Ugh, as a city black person, this is total BS. You're just spouting off easily explainable BS and then playing off white stereotypes of how black people are.
    "sure every single black person I met was cool beans but BUT NOT THOSE BLACK PEOPLE FROM THE CITIES THEY ARE ALL EVIL WITH THEIR CULTURE OF DONGS."

    Go read Tim Wise, I think he's a pretty good primer on avoiding silly, racist traps like this.

  34. ThePsudo

    Then I look to you for better answers. What do you think explains the overrepresentation of blacks in the prison population?

  35. Josh

    Poverty, discrimination, poverty, anything but the monumentally broken "culture of dongs" meme that goes around. Remember, in one neighborhood, about 80% of all stops involve blacks when whites are 4 or 5 times more likely to actually have drugs. Discrimination isn't a minor thing.

    If you're young and black and you do something stupid, no jury in America will let you off with a warning. That stays on your record forever. And if white people would rather hire someone with a criminal record than a college educated black person (this is true), imagine if you're black, have no college education (poverty), and have a pretty serious criminal charge on record? You're screwed six ways to sunday!

    And because of stereotype threat, and a crappy racist media that has a hardon for calling black people stupid, your scores on vitally important educational things – no matter how hard you work at it – will always be depressed compared to white colleagues. And even if stereotype threat disn't exist and you got A+'s throughout your life, you're still going to be taxed for being brown in every endeavor in life. This country is so wrongheaded on so many issues that blacks are born to not have a good job!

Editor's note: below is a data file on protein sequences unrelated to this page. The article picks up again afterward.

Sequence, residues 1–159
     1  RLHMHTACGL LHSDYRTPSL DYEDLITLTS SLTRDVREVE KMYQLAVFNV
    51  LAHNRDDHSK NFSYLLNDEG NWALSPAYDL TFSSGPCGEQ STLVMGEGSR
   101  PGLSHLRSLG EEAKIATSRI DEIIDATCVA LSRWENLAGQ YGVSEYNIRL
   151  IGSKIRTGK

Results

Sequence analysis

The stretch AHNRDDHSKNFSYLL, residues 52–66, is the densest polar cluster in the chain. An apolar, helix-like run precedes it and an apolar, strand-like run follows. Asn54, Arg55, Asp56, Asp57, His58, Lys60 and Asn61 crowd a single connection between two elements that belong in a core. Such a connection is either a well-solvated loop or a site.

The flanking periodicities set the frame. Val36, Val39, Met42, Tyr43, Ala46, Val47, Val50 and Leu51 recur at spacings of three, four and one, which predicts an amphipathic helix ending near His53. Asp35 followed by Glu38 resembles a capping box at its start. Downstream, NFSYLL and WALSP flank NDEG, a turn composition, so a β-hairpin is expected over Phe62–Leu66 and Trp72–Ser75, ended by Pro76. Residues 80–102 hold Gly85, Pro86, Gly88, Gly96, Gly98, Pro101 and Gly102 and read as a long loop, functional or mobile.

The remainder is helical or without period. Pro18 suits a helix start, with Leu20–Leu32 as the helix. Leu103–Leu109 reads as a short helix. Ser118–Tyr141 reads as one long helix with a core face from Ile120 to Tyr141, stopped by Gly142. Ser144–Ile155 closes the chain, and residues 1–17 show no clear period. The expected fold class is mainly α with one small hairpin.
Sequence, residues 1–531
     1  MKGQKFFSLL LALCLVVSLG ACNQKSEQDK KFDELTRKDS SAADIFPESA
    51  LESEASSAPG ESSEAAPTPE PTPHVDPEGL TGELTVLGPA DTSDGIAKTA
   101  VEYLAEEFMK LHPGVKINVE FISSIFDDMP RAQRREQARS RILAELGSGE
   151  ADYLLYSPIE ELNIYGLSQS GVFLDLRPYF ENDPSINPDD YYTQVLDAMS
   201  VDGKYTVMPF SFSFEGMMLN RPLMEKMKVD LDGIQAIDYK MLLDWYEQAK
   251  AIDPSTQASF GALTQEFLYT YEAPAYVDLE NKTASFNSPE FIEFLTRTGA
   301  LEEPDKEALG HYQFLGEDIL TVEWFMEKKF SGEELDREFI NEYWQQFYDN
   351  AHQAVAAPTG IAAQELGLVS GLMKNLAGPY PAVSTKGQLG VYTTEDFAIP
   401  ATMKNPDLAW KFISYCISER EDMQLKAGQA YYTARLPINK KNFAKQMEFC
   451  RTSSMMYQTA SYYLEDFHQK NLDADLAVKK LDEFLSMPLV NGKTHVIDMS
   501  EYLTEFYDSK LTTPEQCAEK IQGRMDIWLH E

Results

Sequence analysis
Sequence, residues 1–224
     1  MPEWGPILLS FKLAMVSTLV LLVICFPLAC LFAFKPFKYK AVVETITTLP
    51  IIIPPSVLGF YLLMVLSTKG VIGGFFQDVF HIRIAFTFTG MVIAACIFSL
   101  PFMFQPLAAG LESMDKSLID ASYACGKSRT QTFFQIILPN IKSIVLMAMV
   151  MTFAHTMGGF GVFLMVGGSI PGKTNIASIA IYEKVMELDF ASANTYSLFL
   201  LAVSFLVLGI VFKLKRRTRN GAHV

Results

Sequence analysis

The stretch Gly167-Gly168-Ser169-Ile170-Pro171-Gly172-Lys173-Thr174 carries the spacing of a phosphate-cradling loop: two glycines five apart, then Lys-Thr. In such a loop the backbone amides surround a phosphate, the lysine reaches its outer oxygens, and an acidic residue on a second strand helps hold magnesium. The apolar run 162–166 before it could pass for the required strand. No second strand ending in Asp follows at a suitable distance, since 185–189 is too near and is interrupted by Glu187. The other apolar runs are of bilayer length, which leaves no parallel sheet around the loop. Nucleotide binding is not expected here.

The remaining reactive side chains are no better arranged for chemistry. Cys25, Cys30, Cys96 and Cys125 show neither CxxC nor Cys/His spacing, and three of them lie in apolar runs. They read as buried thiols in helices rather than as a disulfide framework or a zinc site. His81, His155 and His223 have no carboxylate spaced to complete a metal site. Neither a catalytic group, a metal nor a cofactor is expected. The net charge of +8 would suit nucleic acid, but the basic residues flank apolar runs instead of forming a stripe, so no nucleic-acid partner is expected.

That, and american prisons just so happens to actually turn non-offenders into psychologically broken recidivists – so black people get into a revolving door scheme once they're charged for even minor offensives. Thanks to a racially charged justice system you get hilarious things like, say, mandatory sentencing for crack being 18 times longer than cocaine.

    And if racism, as we know it, didn't exist, you still got a race of people that are entirely working class thanks to centuries of institutionalized oppression. In this economy, what would you tell them to do – bootstrap? In a country where working hard has the same effect digging a hole in the middle of nowhere (whether you're black or white) you're going to get screwed.

    Given this evidence, anti racism should extend a wee bit further than "Well, I have black friends". These variables will undeniably screw you over If you're a brown person.

    Saying "well don't commit crimes lol" is really just a less obvious form of blaming victims. Black people commit crimes because of poverty – not because of any "culture of ding dongs."

  36. Brandon

    I think you are probably going a bit far to suggest having a felony is less of a detriment to job hunting then being black. Last I checked anyways, its perfectly legal to ask on an application “Are you a felon” and promptly throw your application in the trash the moment they see the box checked, but there would be howling and screeching if any variation of “are you black” was a mandatory thing on application. Even if racism was as prevalent as you seem to think, one gets an interview, the other does not.